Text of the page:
It seems that Christmas gets earlier every year. The shops start filling up with yuletide merchandise and even the most basic items get repackaged in boxes covered in snowflakes and fir trees. It’s often an overwhelming time for shoppers and it can be difficult to sort the festive gems from the tacky tat. Don’t worry, though, we’ve put together a handy guide to buying Christmas gifts for pets that should take the confusion out of this holiday shopping season.
Sometimes the classics are classics for a reason and the humble ball is no exception. Your dog or cat probably has a ball that they have had for years that could do with being replaced. Catnip-filled balls for cats always go down a treat and there are hundreds of different dog-balls on the market. Watch them playing with balls of a range of sizes to see which they prefer and you can buy them the ball of their dreams. You can even get balls that talk!
Sometimes Christmas is a great excuse to buy something essential while splashing a little more cash and getting something more luxurious. Consider getting your pet an orthopaedic bed for Christmas. It will keep them warm and cosy for the rest of winter and they will definitely thank you for the comfort!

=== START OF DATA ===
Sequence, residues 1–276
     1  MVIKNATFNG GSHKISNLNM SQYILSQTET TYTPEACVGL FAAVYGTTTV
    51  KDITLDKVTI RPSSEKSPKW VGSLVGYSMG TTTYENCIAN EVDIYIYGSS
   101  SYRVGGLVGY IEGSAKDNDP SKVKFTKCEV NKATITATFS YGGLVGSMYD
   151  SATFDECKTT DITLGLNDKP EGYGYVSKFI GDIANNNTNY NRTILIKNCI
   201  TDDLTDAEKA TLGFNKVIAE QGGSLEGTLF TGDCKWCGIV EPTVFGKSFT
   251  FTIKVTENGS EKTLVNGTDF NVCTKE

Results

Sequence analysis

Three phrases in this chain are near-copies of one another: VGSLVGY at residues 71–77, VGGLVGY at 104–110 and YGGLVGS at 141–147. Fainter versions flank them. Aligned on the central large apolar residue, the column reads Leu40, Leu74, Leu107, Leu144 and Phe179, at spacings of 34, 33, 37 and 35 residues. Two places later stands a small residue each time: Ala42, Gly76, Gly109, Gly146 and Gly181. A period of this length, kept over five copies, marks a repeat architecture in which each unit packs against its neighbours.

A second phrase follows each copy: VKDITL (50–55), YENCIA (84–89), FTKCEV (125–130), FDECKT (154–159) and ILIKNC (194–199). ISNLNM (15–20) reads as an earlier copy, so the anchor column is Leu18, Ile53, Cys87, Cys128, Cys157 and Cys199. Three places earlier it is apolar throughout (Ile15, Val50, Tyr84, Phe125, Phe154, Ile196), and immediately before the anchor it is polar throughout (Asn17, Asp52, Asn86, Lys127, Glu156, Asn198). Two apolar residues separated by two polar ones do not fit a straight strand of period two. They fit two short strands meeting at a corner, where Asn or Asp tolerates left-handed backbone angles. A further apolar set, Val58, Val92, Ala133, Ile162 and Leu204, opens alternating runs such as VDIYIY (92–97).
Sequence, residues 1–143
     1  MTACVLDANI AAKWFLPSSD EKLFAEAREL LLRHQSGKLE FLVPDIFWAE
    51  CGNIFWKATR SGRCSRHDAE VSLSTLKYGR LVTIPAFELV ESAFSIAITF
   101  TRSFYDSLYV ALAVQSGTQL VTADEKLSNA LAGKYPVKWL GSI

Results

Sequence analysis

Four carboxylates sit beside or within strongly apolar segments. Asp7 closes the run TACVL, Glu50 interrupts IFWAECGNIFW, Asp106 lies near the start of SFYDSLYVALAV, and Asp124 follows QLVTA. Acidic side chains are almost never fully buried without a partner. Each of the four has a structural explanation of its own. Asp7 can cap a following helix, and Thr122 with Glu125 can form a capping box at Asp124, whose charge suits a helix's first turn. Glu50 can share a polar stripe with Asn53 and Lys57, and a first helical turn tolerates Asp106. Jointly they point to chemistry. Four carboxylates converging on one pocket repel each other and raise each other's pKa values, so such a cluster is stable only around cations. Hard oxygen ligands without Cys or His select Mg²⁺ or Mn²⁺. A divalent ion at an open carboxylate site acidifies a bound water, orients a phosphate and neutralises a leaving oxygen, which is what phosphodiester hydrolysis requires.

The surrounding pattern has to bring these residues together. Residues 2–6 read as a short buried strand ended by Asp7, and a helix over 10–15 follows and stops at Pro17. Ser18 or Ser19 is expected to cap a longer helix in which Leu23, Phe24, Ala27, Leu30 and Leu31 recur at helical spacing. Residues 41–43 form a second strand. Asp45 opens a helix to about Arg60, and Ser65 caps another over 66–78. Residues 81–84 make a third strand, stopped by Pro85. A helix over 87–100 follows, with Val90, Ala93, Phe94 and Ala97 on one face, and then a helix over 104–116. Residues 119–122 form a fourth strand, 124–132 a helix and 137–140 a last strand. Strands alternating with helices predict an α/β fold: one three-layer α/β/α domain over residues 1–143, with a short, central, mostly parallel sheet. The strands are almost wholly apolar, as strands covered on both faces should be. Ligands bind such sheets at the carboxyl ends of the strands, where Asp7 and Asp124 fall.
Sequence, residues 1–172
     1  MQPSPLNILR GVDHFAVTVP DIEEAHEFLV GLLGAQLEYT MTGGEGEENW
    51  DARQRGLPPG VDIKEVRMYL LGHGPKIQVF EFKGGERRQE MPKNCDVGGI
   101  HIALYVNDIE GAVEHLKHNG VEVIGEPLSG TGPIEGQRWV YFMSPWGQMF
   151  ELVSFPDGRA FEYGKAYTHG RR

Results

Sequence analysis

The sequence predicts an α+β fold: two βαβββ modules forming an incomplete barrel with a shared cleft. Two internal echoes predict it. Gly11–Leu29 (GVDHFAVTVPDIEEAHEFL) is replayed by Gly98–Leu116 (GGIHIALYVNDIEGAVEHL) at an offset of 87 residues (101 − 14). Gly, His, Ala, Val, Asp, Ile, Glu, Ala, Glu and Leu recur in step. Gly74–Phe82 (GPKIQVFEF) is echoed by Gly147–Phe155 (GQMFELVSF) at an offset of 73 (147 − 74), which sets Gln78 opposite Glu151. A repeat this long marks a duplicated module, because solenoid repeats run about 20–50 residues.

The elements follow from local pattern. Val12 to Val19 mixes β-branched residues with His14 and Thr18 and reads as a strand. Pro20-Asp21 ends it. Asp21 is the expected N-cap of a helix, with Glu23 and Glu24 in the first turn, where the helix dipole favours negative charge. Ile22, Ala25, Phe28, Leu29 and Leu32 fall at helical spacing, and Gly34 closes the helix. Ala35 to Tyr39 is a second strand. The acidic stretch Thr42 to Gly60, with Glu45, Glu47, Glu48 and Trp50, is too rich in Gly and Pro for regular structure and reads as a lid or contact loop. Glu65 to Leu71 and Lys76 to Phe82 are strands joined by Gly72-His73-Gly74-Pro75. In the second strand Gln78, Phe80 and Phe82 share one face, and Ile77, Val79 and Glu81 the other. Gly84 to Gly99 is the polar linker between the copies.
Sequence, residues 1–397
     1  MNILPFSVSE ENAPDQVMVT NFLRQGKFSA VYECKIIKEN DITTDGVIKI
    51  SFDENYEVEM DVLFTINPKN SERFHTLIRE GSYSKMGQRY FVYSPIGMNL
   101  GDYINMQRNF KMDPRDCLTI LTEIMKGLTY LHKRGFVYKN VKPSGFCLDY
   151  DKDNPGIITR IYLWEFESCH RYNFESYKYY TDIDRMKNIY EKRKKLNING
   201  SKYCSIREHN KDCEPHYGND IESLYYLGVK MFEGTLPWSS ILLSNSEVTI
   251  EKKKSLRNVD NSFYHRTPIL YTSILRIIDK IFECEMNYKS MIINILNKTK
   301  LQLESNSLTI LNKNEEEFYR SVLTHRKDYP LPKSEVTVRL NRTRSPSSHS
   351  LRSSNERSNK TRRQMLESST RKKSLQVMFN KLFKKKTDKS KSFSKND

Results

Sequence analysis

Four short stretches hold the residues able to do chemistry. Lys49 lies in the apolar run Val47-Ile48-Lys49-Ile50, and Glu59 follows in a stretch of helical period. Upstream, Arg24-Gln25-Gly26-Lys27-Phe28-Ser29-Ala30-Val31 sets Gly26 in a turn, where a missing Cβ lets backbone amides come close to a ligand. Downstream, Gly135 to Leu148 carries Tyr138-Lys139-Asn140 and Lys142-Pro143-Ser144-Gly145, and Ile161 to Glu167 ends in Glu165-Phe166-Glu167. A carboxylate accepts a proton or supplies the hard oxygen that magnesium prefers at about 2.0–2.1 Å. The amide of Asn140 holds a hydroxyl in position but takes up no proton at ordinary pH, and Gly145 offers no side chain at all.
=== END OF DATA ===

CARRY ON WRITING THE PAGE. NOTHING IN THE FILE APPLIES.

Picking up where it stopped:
The weeks of December are often indulgent ones for us and our pets, so it may seem strange to suggest even more food as a gift, but gravy bones and dental chew sticks will last for months if stored properly. Besides, it’s better to have a few dog treats to hand than to accidentally slip them something they shouldn’t be eating.
Unless your pet is a persistent chewer or toy-wrecker (like a dog I know, nicknamed “The Destroyer”) a cuddly toy is a sweet gift to give. Make sure it’s a toy intended for pets as these are generally more durable and check there are no small, hard, sewn-on parts like eyes or noses that could be chewed off and swallowed.
If your pet’s collar is looking a bit dog-eared then Christmas is a good enough reason to invest in a new one. While it’s tempting to go for something blingy or fashionable it is usually best to go for something made of a strong, thick fabric if you’re looking for something durable. Be careful if you choose to put your cat in a collar as they might get caught on things as they climb and leap.
Christmas shopping can be a daunting task but knowing what you’re looking for is half the battle. And don’t forget to be careful how to you wrap your pet’s present to prevent choking hazards from ribbons or sellotape. It’s best to stick down edges with a non-toxic glue.
As pet owners we do our best to keep our pets safe. If your pet does get into an accident, or fall ill, having a pet insurance policy can give you peace of mind so you can take care of your pet while we take care of your claim. Visit our dog and cat insurance pages for more information.